Nuclear Medicine & Radiation Therapy

ISSN: 2155-9619

Open Access

Interventional Oncology - Avoiding Common Pitfalls to Reduce Toxicity in Hepatic Radioembolization


David M Liu, David Cade, Darren Klass, Christopher Loh, Justin P McWilliams and David Valenti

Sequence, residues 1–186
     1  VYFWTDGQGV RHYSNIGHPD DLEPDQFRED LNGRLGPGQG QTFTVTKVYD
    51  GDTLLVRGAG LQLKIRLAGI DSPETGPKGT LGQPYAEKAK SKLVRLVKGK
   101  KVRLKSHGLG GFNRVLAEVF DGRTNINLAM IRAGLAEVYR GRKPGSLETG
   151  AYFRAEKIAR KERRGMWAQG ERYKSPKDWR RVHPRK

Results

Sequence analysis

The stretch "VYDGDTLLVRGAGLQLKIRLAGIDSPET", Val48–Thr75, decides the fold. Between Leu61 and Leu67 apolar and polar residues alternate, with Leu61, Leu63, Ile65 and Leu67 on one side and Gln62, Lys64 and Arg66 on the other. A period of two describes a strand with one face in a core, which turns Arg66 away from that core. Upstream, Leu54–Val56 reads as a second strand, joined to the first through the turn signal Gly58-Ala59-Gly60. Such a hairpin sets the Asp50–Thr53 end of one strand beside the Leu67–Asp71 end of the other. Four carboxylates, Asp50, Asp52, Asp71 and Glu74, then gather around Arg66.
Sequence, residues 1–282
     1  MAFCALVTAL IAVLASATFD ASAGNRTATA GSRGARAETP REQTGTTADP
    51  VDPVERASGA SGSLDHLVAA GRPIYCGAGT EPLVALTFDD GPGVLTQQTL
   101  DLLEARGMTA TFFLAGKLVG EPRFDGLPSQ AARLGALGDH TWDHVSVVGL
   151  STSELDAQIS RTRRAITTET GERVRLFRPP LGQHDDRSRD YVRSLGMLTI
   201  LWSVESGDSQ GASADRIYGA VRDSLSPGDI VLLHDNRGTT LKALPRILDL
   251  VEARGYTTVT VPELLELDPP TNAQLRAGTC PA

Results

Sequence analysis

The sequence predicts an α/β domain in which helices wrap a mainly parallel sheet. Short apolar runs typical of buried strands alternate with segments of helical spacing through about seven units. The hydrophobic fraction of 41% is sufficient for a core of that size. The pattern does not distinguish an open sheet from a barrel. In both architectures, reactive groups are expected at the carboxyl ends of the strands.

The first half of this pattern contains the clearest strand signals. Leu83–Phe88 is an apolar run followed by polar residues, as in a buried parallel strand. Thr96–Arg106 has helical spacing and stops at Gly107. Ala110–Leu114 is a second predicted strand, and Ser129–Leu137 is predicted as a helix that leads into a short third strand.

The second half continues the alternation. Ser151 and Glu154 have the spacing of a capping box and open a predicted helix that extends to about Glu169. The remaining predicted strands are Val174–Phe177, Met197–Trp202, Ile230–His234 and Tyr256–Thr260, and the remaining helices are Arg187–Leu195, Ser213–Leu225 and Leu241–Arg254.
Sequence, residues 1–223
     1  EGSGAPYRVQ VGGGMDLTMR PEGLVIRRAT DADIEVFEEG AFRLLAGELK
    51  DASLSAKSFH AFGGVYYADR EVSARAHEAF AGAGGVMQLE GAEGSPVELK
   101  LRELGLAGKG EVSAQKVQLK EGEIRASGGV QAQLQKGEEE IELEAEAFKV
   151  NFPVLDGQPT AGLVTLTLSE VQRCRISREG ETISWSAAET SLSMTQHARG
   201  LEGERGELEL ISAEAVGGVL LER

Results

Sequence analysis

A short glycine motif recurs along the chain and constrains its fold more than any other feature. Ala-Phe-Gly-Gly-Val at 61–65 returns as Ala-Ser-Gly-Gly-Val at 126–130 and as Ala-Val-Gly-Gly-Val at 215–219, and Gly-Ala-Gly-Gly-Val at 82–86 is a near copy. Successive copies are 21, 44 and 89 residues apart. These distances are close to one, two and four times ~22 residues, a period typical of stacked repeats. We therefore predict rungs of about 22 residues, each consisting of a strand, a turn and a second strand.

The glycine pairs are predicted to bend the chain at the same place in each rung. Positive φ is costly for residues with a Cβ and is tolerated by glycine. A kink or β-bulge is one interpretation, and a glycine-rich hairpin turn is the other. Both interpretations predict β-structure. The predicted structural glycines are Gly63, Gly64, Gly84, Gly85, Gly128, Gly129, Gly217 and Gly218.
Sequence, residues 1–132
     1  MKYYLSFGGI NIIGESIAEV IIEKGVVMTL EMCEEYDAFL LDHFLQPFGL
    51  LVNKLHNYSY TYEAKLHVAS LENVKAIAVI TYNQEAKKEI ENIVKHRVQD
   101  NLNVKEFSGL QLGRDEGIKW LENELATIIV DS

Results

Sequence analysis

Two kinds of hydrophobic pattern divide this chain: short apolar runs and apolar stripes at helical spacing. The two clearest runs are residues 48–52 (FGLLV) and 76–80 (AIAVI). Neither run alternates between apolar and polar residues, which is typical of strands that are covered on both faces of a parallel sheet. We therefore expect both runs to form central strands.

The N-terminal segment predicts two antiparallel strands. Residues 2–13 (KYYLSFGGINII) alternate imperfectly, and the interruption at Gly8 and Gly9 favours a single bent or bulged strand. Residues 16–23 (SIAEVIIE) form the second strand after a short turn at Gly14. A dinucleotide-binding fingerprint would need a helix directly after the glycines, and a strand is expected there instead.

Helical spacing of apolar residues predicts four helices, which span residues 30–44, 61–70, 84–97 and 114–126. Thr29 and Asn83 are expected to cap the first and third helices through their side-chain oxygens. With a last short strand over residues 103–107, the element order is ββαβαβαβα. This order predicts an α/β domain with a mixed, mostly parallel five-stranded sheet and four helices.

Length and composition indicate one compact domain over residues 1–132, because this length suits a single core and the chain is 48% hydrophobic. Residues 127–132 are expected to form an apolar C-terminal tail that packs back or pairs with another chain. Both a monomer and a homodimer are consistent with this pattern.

Within the setting of hepatic neoplasia [primary and secondary], selective internal radiation therapy [SIRT], also known as radioembolization has become an accepted procedure, incorporated into the armamentarium of multidisciplinary oncologic care. The procedure itself requires understanding of mesenteric anatomy, tumor vascular patterns, liver metabolism, and chemotherapy. Given the complex nature of the treatment, unique toxicities, and complications may develop from multiple etiologies. Reduction of toxicities and complications as they relate to this procedure can be stratified into two broad categories: factors involving vascularity/vascularization, and factors involving compromise to the underlying liver parenchyma. The purpose of this manuscript is to provide the reader with a systematic review of the most commonly presented toxicities, their etiologies, prevention strategies, and suggested therapeutic options in a practical, and concise manner. A brief discussion on the common misconceptions regarding toxicities will be included.


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